blob: 5cdf4fa01379e4589ec4827b5015896bbf20425a [file] [log] [blame]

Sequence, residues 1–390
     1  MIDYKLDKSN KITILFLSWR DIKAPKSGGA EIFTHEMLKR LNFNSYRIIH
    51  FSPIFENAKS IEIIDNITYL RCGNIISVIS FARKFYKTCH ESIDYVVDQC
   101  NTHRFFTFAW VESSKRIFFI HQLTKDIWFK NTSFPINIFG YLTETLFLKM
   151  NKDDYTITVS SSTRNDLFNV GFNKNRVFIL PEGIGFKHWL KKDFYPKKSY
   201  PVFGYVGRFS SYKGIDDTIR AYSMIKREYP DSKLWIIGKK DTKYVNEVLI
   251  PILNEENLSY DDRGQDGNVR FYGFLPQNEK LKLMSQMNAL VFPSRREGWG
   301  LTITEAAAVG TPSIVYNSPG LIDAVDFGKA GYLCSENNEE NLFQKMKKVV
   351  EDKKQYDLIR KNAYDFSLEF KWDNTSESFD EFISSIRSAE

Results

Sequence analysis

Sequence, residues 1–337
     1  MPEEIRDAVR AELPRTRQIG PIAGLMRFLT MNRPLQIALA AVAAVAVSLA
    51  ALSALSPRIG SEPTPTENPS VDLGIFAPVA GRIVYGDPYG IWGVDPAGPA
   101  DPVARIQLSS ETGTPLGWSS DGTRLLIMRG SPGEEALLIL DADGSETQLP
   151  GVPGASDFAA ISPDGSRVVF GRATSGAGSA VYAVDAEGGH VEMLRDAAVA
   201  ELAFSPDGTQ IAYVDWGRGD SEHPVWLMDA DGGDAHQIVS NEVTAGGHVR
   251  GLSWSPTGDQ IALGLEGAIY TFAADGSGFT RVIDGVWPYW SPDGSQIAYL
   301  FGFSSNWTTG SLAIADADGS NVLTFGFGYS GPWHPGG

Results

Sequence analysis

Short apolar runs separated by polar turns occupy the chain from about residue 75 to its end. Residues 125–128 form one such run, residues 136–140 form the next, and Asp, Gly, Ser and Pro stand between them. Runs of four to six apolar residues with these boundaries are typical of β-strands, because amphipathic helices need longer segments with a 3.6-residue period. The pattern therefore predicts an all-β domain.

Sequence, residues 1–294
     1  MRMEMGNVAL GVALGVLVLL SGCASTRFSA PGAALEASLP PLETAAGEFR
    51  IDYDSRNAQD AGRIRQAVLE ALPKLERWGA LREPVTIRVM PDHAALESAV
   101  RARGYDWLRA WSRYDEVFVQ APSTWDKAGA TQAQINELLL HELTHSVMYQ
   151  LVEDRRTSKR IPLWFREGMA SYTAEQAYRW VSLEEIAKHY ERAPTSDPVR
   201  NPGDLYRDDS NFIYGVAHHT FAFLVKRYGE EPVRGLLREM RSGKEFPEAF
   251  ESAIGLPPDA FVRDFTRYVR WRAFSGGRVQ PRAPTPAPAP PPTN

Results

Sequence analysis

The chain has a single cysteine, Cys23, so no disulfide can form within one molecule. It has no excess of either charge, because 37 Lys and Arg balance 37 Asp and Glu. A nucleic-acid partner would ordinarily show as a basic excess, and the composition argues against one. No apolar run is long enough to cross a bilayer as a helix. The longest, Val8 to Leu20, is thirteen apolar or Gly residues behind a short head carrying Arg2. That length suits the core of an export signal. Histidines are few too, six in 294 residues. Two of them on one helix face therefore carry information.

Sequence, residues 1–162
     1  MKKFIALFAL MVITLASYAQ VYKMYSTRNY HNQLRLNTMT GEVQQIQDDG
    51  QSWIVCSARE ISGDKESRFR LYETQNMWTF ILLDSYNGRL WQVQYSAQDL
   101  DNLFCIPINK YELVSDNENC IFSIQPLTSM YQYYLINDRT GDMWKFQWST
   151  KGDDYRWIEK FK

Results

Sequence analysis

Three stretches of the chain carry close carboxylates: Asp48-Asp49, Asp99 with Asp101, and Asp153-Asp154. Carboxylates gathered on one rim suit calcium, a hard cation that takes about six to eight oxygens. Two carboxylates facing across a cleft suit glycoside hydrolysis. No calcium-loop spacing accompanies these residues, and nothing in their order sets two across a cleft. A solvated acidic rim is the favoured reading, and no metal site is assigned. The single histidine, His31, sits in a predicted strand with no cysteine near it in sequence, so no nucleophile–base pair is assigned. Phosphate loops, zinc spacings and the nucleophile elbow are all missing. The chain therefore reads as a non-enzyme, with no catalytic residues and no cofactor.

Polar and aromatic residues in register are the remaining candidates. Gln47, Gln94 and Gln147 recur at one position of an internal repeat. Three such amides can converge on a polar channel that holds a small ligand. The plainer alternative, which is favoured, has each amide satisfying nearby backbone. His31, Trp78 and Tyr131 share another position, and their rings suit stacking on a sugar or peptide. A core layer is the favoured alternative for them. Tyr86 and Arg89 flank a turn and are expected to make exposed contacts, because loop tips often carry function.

// Copyright 2018 The Go Authors. All rights reserved. // Use of this source code is governed by a BSD-style // license that can be found in the LICENSE file. package math import ( "math/bits" ) // reduceThreshold is the maximum value of x where the reduction using Pi/4 // in 3 float64 parts still gives accurate results. This threshold // is set by y*C being representable as a float64 without error // where y is given by y = floor(x * (4 / Pi)) and C is the leading partial // terms of 4/Pi. Since the leading terms (PI4A and PI4B in sin.go) have 30 // and 32 trailing zero bits, y should have less than 30 significant bits. // y < 1<<30 -> floor(x*4/Pi) < 1<<30 -> x < (1<<30 - 1) * Pi/4 // So, conservatively we can take x < 1<<29. // Above this threshold Payne-Hanek range reduction must be used. const reduceThreshold = 1 << 29 // trigReduce implements Payne-Hanek range reduction by Pi/4 // for x > 0. It returns the integer part mod 8 (j) and // the fractional part (z) of x / (Pi/4). // The implementation is based on: // "ARGUMENT REDUCTION FOR HUGE ARGUMENTS: Good to the Last Bit" // K. C. Ng et al, March 24, 1992 // The simulated multi-precision calculation of x*B uses 64-bit integer arithmetic. func trigReduce(x float64) (j uint64, z float64) { const PI4 = Pi / 4 if x < PI4 { return 0, x } // Extract out the integer and exponent such that, // x = ix * 2 ** exp. ix := Float64bits(x) exp := int(ix>>shift&mask) - bias - shift ix &^= mask << shift ix |= 1 << shift // Use the exponent to extract the 3 appropriate uint64 digits from mPi4, // B ~ (z0, z1, z2), such that the product leading digit has the exponent -61. // Note, exp >= -53 since x >= PI4 and exp < 971 for maximum float64. digit, bitshift := uint(exp+61)/64, uint(exp+61)%64 z0 := (mPi4[digit] << bitshift) | (mPi4[digit+1] >> (64 - bitshift)) z1 := (mPi4[digit+1] << bitshift) | (mPi4[digit+2] >> (64 - bitshift)) z2 := (mPi4[digit+2] << bitshift) | (mPi4[digit+3] >> (64 - bitshift)) // Multiply mantissa by the digits and extract the upper two digits (hi, lo). z2hi, _ := bits.Mul64(z2, ix) z1hi, z1lo := bits.Mul64(z1, ix) z0lo := z0 * ix lo, c := bits.Add64(z1lo, z2hi, 0) hi, _ := bits.Add64(z0lo, z1hi, c) // The top 3 bits are j. j = hi >> 61 // Extract the fraction and find its magnitude. hi = hi<<3 | lo>>61 lz := uint(bits.LeadingZeros64(hi)) e := uint64(bias - (lz + 1)) // Clear implicit mantissa bit and shift into place. hi = (hi << (lz + 1)) | (lo >> (64 - (lz + 1))) hi >>= 64 - shift // Include the exponent and convert to a float. hi |= e << shift z = Float64frombits(hi) // Map zeros to origin. if j&1 == 1 { j++ j &= 7 z-- } // Multiply the fractional part by pi/4. return j, z * PI4 } // mPi4 is the binary digits of 4/pi as a uint64 array, // that is, 4/pi = Sum mPi4[i]*2^(-64*i) // 19 64-bit digits and the leading one bit give 1217 bits // of precision to handle the largest possible float64 exponent. var mPi4 = [...]uint64{ 0x0000000000000001, 0x45f306dc9c882a53, 0xf84eafa3ea69bb81, 0xb6c52b3278872083, 0xfca2c757bd778ac3, 0x6e48dc74849ba5c0, 0x0c925dd413a32439, 0xfc3bd63962534e7d, 0xd1046bea5d768909, 0xd338e04d68befc82, 0x7323ac7306a673e9, 0x3908bf177bf25076, 0x3ff12fffbc0b301f, 0xde5e2316b414da3e, 0xda6cfd9e4f96136e, 0x9e8c7ecd3cbfd45a, 0xea4f758fd7cbe2f6, 0x7a0e73ef14a525d4, 0xd7f6bf623f1aba10, 0xac06608df8f6d757, }